Monday, August 1, 2016

Rewind To Now

Rewind To Now

By Tom Wachunas

     I imagine that to Broadway theater goers in 1960, or film viewers in 1964, Gore Vidal’s “The Best Man” must have seemed, despite its funny moments amid unguarded cynicism, a searing and candid if not brave commentary on the toxicity of American politics. And now, after seeing it presented by Seat of the Pants Productions, directed by Craig Joseph at the Black Box Theater in GlenOak High School - and coming as it does on the heels of our national political conventions - I also wonder if those first audiences could have possibly appreciated the uncanny prescience of Vidal’s vision when compared to today’s terribly fractious political practices.

    Set at a contested nominating convention (of an unnamed party) in, interestingly enough, Philadelphia, the party’s nomination hangs in the balance as two embattled candidates wait to see which one the lame-duck president will endorse. All of the play’s action transpires in the candidates’ respective hotel suites. Some of the 1960s hot-button issues, back-room deal-brokering, and “scandalous” behaviors addressed in this story might seem downright ho-hum by today’s standards, for better or worse. Yet its topicality nonetheless takes on a palpable new authenticity here.  All eleven members of director Joseph’s excellent cast are remarkably adept at articulating the play’s uneasy balance between biting sarcasm and credible human drama.  

   There’s a distinct air of world-weariness to Greg Emanuelson’s portrayal of candidate William Russell, particularly when he navigates a crisis of conscience late in the proceedings. He’s a highly educated man of patrician stock who refuses to pander to public opinion. His penchant for quoting philosophers and writers on government, morality, and ethics to anyone within earshot is one that his very meticulous campaign manager, Dick Jensen, regards as a serious liability. In that role, Matthew Heppe is an excitable yet endearing bundle of nerves as he attempts to downplay Russell’s overly-brainy sermonizing.

   Other liabilities threaten to derail Russell’s bid for the nomination, including his reputation as a philanderer and its toll on his marriage. Stephanie Cargill has crafted a remarkably poignant rendering of dignity amid woundedness, tempered with a measure of emotional detachment both chilling and sad in her role of Mrs. Russell. It’s easy enough to appreciate her reservations about getting on board with feisty and sardonic party operative Mrs. Gamadge, played by Margo Parker, who insists with militant urgency  that Mrs. Russell be always visible at her husband’s side to inspire women voters.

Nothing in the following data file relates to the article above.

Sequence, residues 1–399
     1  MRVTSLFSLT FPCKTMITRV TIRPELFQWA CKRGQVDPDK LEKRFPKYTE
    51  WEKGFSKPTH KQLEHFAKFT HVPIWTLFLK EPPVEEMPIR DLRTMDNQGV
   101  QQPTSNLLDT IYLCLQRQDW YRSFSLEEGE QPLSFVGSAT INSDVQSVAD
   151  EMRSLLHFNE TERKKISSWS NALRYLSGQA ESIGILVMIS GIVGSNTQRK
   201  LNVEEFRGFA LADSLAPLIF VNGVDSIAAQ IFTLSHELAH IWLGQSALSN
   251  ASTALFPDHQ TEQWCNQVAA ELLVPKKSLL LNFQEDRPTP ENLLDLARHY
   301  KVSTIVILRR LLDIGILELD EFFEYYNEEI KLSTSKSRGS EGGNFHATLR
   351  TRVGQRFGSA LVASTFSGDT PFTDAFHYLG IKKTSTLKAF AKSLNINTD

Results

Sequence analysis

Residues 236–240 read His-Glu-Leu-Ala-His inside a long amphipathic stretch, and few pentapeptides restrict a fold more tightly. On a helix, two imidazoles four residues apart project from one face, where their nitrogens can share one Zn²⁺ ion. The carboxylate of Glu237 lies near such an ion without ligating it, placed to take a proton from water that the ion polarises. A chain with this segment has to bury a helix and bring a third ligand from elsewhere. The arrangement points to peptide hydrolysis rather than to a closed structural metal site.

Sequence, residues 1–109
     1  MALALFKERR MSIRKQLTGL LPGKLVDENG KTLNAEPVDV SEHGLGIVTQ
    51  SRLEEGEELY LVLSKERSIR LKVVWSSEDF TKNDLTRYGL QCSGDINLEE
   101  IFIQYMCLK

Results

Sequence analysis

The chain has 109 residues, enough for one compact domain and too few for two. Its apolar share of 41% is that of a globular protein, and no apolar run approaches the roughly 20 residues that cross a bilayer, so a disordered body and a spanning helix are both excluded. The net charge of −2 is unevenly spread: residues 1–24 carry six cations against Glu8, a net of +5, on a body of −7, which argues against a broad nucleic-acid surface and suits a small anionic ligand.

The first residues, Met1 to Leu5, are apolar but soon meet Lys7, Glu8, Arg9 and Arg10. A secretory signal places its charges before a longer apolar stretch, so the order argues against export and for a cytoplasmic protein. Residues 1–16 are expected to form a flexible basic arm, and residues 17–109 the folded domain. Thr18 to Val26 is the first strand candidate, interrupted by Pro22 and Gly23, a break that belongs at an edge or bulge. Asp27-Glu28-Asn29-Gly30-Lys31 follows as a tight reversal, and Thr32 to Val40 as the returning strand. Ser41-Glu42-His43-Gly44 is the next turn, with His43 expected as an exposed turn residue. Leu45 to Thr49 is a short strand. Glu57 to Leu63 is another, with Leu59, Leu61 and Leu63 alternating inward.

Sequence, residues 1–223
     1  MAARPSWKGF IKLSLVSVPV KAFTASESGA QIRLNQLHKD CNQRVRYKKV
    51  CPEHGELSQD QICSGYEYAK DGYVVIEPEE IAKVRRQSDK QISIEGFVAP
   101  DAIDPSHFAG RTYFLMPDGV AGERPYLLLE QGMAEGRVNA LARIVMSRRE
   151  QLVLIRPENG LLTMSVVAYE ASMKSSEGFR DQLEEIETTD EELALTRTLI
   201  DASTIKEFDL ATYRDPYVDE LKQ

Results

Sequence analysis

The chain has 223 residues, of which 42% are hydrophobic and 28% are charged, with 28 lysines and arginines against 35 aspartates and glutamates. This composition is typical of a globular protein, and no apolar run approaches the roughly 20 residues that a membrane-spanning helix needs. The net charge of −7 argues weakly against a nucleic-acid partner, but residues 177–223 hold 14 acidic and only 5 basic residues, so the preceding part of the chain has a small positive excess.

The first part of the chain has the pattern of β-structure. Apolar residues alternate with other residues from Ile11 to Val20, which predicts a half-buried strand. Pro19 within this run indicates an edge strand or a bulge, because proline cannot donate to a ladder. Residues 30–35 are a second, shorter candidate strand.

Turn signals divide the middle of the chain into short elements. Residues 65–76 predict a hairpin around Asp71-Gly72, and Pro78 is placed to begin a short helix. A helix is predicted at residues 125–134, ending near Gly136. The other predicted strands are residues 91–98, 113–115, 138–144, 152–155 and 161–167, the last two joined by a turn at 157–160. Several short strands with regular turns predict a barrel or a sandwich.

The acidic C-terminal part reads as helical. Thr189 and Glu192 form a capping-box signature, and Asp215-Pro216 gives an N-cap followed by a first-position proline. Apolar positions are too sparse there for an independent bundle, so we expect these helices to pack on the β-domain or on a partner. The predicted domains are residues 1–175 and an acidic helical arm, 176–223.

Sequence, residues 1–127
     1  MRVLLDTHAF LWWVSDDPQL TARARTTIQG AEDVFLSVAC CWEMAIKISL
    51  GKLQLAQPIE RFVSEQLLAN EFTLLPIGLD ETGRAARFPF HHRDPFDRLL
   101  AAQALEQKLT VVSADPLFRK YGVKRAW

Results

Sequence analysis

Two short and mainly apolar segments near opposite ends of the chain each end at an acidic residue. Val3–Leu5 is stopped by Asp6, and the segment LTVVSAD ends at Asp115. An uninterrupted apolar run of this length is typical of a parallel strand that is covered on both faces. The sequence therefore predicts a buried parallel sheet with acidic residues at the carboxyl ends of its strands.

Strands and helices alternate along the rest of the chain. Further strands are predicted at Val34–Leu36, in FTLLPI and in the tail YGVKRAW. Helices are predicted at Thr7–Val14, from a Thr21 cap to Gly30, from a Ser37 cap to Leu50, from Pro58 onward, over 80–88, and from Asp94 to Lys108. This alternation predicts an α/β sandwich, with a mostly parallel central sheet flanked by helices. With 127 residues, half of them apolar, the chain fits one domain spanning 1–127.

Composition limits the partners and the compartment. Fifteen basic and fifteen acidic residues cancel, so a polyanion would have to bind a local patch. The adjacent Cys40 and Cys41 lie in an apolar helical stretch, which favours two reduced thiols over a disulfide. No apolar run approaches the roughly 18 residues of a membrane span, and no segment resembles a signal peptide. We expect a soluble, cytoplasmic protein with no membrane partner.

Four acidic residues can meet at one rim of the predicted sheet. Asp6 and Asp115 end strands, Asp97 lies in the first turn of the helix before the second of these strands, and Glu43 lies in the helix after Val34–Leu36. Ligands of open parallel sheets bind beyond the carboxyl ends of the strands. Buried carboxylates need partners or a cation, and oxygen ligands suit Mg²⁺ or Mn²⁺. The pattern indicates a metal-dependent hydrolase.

Conversely, Heidi Swinford exudes a practically lascivious glee in her role of Mabel Cantwell, the beautiful (and sly, despite her somewhat air-headed demeanor) wife of Russell’s opponent, Senator Joe Cantwell. She’s an effective poser, and all too eager to nurture the media feeding-frenzy with her vacuous glad-handing. And ‘eager’ doesn’t begin to adequately describe her husband. As the manipulative and self-serving Senator Cantwell, Scott Miesse turns in an often riveting study of intense cupidity surpassed only by his character’s frightening aptitude for flinging ill-gotten dirt on his opponent. He’s utterly unashamed to declare that his ends justify his means.

    Speaking of ends, Bob McCoy brings to his role of the ailing President Art Hockstader - outgoing in more ways than one – a genuine sense of existential angst. In his private talks with both candidates, he makes a big point of asking if they believe in God, perhaps looking to salve the consequences of his own unbelief and see if there might be an alternative route to immortality. “The world’s changed since I was politickin’,” he muses at one point, adding, “In those days you had to pour God over everything, like ketchup.”

    That line elicited a particularly hearty (and nervous?) laugh from the audience on opening night (July 29), and has lingered with me ever since. I’ve always found that the art of theatre is at its best when it doesn’t remain on the stage after the house goes dark – that it leaves us with something to chew on and digest beyond the more ephemeral elements of mere “entertainment”. A take-away of lasting value. Seeing this play’s indictment of so much wrong in American politics then seems to inexorably point head and heart to the failures and absurdities of our now.

   So call it sermonizing if you will. Indulge me, or get over it. But I wonder if for too long we’ve made God into an innocuous condiment. Like ketchup. Maybe he should be the main course. Now that’s a take-away.

“The Best Man” at the Black Box Theater in GlenOak High School, 1801 Schneider St. SE, Plain Township (Canton, Ohio) / Shows on Friday August 5 and Saturday August 6 at 8 p.m., Sunday August  7 at 2 p.m. / Tickets $15 at

   PHOTOS, from top, left to right (courtesy Craig Joseph, Seat Of The Pants Productions): #1: Matthew Heppe, Greg Emanuelson; #2: Margo Parker, Heidi Swinford; #3. Bob McCoy, Stephanie Cargill; #4. Scott Miesse, Heidi Swinford    

No comments: